Beverly Hills’ resolution comes amid a recent flurry of activity in the development of AVs. In January, General Motors announced its $500 million investment in Lyft as part of “a long term strategic alliance” to create “an integrated network of on-demand AVs in the U.S.,” and in March GM acquired Cruise Automation, a Silicon Valley AV start up, for over $1 billion. Uber recently confirmed it is testing driverless cars on the streets of Pittsburgh. And Apple recently invested $1 billion into the Chinese ride-hailing firm Didi Chuxing, to name just a few highlights.
Apple’s investment in Didi aims to take advantage of both the vast number of potential customers, with a population of nearly 1.4 billion people, as well as China’s centralized government and uniform regulations, which Apple is betting will put China ahead of the United States in a driverless car future where a society that more embraces uniformity is at an advantage.
By contrast, in the U.S., the patchwork of individual state regulations is seen as a significant obstacle to the widespread adoption of driverless vehicles. Google, which recently spearheaded the formation of a coalition with car makers and taxi-hailing companies to help steer the AV regulations and increase public support for the technology, was particularly vocal in its disappointment with the DMV’s proposed “manual driver” requirements, which it sees as unnecessarily limiting the growth of the technology and pushing companies developing the technology out of California. Google’s coalition, including Ford Motor Co., Volvo, Uber and Lyft, will lobby lawmakers and regulators on legal barriers to AVs and former U.S. National Highway Traffic Safety Administration official David Strickland will be its spokesman.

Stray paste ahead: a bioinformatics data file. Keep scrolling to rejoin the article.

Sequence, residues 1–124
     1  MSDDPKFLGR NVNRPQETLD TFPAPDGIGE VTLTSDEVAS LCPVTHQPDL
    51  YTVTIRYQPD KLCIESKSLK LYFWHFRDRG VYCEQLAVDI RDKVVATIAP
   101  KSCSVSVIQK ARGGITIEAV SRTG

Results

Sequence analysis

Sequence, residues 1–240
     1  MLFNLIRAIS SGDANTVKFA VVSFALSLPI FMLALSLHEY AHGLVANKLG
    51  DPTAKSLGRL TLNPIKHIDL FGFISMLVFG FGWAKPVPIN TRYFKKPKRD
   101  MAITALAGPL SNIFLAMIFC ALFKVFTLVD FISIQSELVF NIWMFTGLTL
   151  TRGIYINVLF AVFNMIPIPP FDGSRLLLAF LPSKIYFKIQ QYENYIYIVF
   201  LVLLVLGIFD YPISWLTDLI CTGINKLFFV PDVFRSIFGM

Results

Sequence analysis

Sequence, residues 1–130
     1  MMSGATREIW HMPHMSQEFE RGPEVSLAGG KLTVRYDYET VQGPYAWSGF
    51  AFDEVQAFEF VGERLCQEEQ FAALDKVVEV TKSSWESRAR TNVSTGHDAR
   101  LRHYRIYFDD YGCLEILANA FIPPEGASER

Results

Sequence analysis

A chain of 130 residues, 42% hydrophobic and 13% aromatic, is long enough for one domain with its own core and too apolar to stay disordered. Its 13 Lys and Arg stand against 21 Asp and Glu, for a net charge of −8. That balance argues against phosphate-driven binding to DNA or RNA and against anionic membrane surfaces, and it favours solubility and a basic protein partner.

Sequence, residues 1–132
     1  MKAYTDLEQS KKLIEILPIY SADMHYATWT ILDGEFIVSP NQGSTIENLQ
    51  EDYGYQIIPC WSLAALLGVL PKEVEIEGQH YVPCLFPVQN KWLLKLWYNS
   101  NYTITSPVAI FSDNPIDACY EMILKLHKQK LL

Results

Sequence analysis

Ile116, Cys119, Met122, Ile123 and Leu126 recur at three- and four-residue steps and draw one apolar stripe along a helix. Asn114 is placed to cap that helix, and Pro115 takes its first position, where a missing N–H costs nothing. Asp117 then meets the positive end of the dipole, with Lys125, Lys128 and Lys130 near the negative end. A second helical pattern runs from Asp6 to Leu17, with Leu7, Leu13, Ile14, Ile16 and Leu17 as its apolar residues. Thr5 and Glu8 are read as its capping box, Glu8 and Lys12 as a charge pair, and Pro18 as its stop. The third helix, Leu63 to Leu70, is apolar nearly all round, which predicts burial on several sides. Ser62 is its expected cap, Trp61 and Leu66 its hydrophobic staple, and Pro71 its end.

"Self-driving technology will enhance public safety and mobility for the elderly and disabled, reduce traffic congestion, improve environmental quality and advance transportation efficiency," the group said in a statement.
Google argues that requiring technology that switches between automated and manual technology actually makes the cars less safe. With over 50 self-driving cars having driven over 1.5 million miles, Google has gathered the data to support their position — which it publishes monthly in online reports. In February, the National Highway Traffic Safety Administration sided with Google when it sent it a letter saying a self-driving system can be considered the driver of a self-driving car for the purposes of interpreting federal vehicle safety regulations and guidelines.
After decades of driverless cars seemingly forever on the horizon of the future, they seem more inevitable then ever. The recent news of traditional car manufacturers investing in AV tech companies is the latest harbinger. With safety heralded as the prime motivation, and the simultaneous realization of time and cost savings, the benefits of AVs are hard to dispute.
Small affluent cities such as Beverly Hills are ideally situated to move the low speed urban component of the AV landscape forward, as they have the economic means and limited size to implement the vehicle to infrastructure communication systems which are seen as necessary component of a future driverless car world. The opportunity for municipalities to partner with the technology companies and AV manufacturers will incentivize other cities to follow suit. I would expect to see a trend in cities following Beverly Hills lead and anticipate that some of the $4 billion that President Obama has earmarked for AV’s will go to states and municipalities investing in vehicle to infrastructure communications.